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Home > Special Topics > Europe Report Last Updated: 15:16 03/09/2007
Europe Report #88: May 25, 2004

The People's Voice Initiative and Israeli Settlements

J. Sean Curtin (Fellow, GLOCOM)
Ami Ayalon (co-founder of the People's Voice Initiative and former Director of the Israeli Security Agency)
Rosemary Hollis (Head of Middle East Programme, Royal Institute of International Affairs)
Kamal Abu Jabar (former Jordanian Foreign Minister)

In a recent presentation about a vibrant Israeli-Palestinian peace plan called the People's Voice, 1 Admiral Ami Ayalon, one of the founders of the initiative, discussed the problem of removing Israeli settlers from the Occupied Territories. This issue is one of the most difficult challenges facing any Middle East peace plan. Admiral Ayalon was also a former Director of the Israeli Security Agency (Shin-Beit) from 1996 to 2000.

(This discussion took place at the Royal Institute of International Affairs in London on 7 May 2004).

Sean Curtin: Admiral Ayalon you mentioned the very real possibility of civil war in Israel if major settlements were to be dismantled. It is obvious from what you have said that your peace initiative has a clear direction leading to a well defined goal. But, is it achievable in light of the fact that many settlers are in the Occupied Territories because of their beliefs? They believe that the West Bank is Judea and Samaria, lands which are an integral part of their faith. Do you think that it is possible for any politician to remove them?

Rosemary Hollis, Head of Middle East Programme, Royal Institute of International AffairsRosemary Hollis: You talked about how big a deal it would be to remove 8,000 [settlers]. How about 100,000?

Ami Ayalon, co-founder of the People's Voice Initiative and former Director of the Israeli Security AgencyAmi Ayalon: As for the evacuation of settlers, we will be in charge of that. We shall be able to do it only if we shall speak to each other. If we understand that it is painful. Even my father will not forgive me for saying on Israeli TV, "It will only be a leader who comes from [the] Likud [Party] who can do it." You have to understand, I was born in the Jordan Valley on a Kibutz and nobody in this Kibutz used to vote Likud. [So, what I meant from this comment was] only a leader who feels the pain of this decision can do it.

For anyone who feels that it would be a happy event will never be able get or to create the consensus that will enable us to deal with such a painful event. This is why we [the People's Voice] are so careful about not being part of the right or the left. There is no right or left on the [physical] ground of Israel. There is right and left on the Israeli political map, but the majority of us, 70% of Israelis, can accept this paper [the Statement of Principles of the People's Voice ].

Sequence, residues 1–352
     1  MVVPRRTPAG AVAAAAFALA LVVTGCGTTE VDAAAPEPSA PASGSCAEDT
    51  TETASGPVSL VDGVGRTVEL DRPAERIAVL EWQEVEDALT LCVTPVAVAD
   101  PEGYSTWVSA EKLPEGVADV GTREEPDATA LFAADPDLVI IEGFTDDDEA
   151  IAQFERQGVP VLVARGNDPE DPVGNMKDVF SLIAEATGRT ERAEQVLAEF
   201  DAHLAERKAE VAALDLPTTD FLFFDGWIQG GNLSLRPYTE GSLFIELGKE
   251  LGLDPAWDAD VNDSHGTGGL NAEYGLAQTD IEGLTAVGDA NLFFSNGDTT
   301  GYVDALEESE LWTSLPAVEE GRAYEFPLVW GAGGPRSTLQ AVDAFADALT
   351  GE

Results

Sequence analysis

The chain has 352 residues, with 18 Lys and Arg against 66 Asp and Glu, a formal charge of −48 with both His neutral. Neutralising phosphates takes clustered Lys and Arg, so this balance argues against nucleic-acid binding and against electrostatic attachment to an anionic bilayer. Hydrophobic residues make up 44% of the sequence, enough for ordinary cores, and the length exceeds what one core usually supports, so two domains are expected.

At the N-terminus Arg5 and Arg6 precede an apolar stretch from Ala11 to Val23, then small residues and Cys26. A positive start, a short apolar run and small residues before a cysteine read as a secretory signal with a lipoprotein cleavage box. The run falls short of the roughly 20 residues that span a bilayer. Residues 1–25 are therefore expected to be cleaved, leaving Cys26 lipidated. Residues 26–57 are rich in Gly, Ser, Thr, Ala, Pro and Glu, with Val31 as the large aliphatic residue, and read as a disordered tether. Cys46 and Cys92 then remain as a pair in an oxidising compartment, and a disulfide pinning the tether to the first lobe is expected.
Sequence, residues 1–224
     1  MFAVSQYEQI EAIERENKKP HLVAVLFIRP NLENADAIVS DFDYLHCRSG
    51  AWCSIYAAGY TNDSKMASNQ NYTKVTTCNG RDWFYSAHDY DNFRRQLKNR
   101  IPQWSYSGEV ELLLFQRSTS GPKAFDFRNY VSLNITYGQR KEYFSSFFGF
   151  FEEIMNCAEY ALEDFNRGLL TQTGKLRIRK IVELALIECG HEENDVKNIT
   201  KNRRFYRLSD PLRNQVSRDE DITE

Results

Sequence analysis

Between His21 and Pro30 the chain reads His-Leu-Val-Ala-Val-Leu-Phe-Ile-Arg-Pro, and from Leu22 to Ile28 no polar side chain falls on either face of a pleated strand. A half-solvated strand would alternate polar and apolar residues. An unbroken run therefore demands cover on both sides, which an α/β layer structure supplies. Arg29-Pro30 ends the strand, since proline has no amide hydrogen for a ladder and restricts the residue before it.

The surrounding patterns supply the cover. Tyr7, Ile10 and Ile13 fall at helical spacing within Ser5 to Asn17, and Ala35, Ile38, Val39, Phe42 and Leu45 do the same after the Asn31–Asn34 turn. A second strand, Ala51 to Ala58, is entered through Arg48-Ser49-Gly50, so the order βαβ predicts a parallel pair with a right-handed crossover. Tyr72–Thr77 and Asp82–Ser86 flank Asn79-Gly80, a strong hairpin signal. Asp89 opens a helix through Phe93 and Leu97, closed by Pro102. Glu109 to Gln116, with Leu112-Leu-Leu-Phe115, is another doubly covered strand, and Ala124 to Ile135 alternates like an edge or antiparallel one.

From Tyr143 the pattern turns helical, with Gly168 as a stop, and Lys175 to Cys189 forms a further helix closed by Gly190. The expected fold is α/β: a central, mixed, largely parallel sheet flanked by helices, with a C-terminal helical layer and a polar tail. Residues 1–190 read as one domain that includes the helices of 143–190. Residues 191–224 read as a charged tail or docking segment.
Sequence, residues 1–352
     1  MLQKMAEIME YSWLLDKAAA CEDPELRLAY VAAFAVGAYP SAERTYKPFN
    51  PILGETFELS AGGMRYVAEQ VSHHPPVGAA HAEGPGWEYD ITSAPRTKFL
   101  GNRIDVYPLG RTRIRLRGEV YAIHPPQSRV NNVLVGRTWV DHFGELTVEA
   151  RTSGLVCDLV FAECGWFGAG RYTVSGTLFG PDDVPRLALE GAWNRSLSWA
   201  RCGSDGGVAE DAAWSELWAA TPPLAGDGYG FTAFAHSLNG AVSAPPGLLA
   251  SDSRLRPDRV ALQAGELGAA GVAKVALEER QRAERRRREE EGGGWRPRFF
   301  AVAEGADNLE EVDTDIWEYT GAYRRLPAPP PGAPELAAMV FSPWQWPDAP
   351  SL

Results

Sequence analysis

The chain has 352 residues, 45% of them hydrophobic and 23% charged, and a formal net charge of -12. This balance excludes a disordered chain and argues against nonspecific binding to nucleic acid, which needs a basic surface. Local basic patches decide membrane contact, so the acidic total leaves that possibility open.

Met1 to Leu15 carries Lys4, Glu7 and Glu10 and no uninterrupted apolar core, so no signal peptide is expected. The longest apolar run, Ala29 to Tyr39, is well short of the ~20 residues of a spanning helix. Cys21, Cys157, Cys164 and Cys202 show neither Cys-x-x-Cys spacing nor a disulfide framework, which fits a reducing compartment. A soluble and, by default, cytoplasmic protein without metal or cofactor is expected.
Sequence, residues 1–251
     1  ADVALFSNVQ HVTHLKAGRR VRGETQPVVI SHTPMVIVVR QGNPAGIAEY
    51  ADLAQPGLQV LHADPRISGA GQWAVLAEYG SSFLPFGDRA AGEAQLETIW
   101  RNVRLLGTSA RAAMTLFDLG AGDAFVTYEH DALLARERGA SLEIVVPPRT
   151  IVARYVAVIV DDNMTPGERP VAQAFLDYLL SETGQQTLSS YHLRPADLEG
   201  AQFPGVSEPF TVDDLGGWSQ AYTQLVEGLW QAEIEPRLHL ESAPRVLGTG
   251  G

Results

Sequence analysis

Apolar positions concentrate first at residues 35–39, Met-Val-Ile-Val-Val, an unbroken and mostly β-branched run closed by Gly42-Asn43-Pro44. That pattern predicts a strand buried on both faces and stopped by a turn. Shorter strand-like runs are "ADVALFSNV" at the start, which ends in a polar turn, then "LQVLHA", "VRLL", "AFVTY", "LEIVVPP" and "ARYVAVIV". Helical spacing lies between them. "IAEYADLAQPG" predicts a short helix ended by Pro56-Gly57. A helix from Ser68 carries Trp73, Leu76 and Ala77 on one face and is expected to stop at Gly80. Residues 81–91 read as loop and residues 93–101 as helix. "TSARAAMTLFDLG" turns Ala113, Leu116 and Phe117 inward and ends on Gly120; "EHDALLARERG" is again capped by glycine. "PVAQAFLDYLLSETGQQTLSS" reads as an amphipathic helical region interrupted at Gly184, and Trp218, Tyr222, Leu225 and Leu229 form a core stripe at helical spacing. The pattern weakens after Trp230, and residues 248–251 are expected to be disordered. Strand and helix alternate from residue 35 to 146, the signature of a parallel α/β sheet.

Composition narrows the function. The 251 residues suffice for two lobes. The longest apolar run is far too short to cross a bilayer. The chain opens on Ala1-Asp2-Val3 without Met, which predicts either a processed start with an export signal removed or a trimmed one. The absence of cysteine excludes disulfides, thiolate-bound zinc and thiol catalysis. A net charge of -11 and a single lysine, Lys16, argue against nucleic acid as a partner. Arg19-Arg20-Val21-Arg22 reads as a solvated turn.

…In order to create this common denominator we have to separate between the parties, which may distinguish these parties, right-left. We are fighting all along to create a common denominator of the people who agree to these basic ideas. Finally, in the future probably to create, in a very strange way, a new political map. No matter who will be the leader, as long as he represents the consensus and the very wide common denominator amongst the Israelis.

Kamal Abu Jabar, former Jordanian Foreign MinisterKamal Abu Jabar: There have been probably fifty or sixty peace initiatives and each one of them has really been demolished on the rock of Israeli refusal to come to terms [with the agreement]. I think we should be forthright [on this matter].

Rosemary Hollis: Who is we?

Kamal Abu Jabar: We on the Arab side. [Although] I do not speak for the Palestinians, I speak for myself.

Rosemary Hollis: You are a former foreign minister of Jordan.

Kamal Abu Jabar: If we are not forthright, we will not get anywhere or anything. I heard Admiral Ayalon say it will be painful to pull out 8000 settlers. They should not be there in the first place. This is something that has to be said. I think this is what we need to do.

If I may offer a suggestion. How can we achieve peace when we have such an imbalance between the Israelis and the Palestinians. I am not just talking about a military imbalance, but it's political, economic and in every other sense of the word.

As for common ground. I think we should work to reach exactly the same balance. And what are the areas where the balance needs to be restored? I think the Zionist movement should be addressed more so than any other entity, organization, government or whatever. I am a man of peace.

The above discussion took place at the Royal Institute of International Affairs in London on 7 May 2004


1 The People's Voice is an Israeli-Palestinian civil initiative, which aims to influence the leaders on both sides to accept a term sheet for the end of the conflict. Also called the destination map, this deals with the issues at the core of the conflict which will need to be addressed in the framework of a permanent agreement. The initiative was publicly launched on both sides of the divide in June 2003, and more than 300,000 Israelis and Palestinians have already joined it. The peace proposal is based on the belief that agreeing on the final destination is a pre-requisite for any substantial progress in the peace process, and argues that the role of civil society is crucial in reaching such agreement on what the destination should be.


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